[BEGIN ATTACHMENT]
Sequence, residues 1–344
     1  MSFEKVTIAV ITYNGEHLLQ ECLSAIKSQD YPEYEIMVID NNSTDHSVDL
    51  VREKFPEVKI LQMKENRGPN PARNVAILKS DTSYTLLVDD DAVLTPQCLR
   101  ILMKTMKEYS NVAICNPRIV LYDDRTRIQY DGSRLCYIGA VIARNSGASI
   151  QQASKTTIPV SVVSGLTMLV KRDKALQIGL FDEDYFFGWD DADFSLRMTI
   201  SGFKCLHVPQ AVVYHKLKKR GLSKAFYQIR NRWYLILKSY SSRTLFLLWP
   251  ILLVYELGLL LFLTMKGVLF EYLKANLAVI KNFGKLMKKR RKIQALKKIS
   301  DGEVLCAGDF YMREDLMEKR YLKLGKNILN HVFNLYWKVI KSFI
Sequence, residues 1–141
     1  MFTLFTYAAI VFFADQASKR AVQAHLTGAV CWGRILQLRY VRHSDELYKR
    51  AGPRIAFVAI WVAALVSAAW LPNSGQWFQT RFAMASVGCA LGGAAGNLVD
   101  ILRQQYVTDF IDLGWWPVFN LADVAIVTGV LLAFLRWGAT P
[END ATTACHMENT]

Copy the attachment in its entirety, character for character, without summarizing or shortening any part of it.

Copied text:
Sequence, residues 1–344
     1  MSFEKVTIAV ITYNGEHLLQ ECLSAIKSQD YPEYEIMVID NNSTDHSVDL
    51  VREKFPEVKI LQMKENRGPN PARNVAILKS DTSYTLLVDD DAVLTPQCLR
   101  ILMKTMKEYS NVAICNPRIV LYDDRTRIQY DGSRLCYIGA VIARNSGASI
   151  QQASKTTIPV SVVSGLTMLV KRDKALQIGL FDEDYFFGWD DADFSLRMTI
   201  SGFKCLHVPQ AVVYHKLKKR GLSKAFYQIR NRWYLILKSY SSRTLFLLWP
   251  ILLVYELGLL LFLTMKGVLF EYLKANLAVI KNFGKLMKKR RKIQALKKIS
   301  DGEVLCAGDF YMREDLMEKR YLKLGKNILN HVFNLYWKVI KSFI
Sequence, residues 1–141
     1  MFTLFTYAAI VFFADQASKR AVQAHLTGAV CWGRILQLRY VRHSDELYKR
    51  AGPRIAFVAI WVAALVSAAW LPNSGQWFQT RFAMASVGCA LGGAAGNLVD
   101  ILRQQYVTDF IDLGWWPVFN LADVAIVTGV LLAFLRWGAT P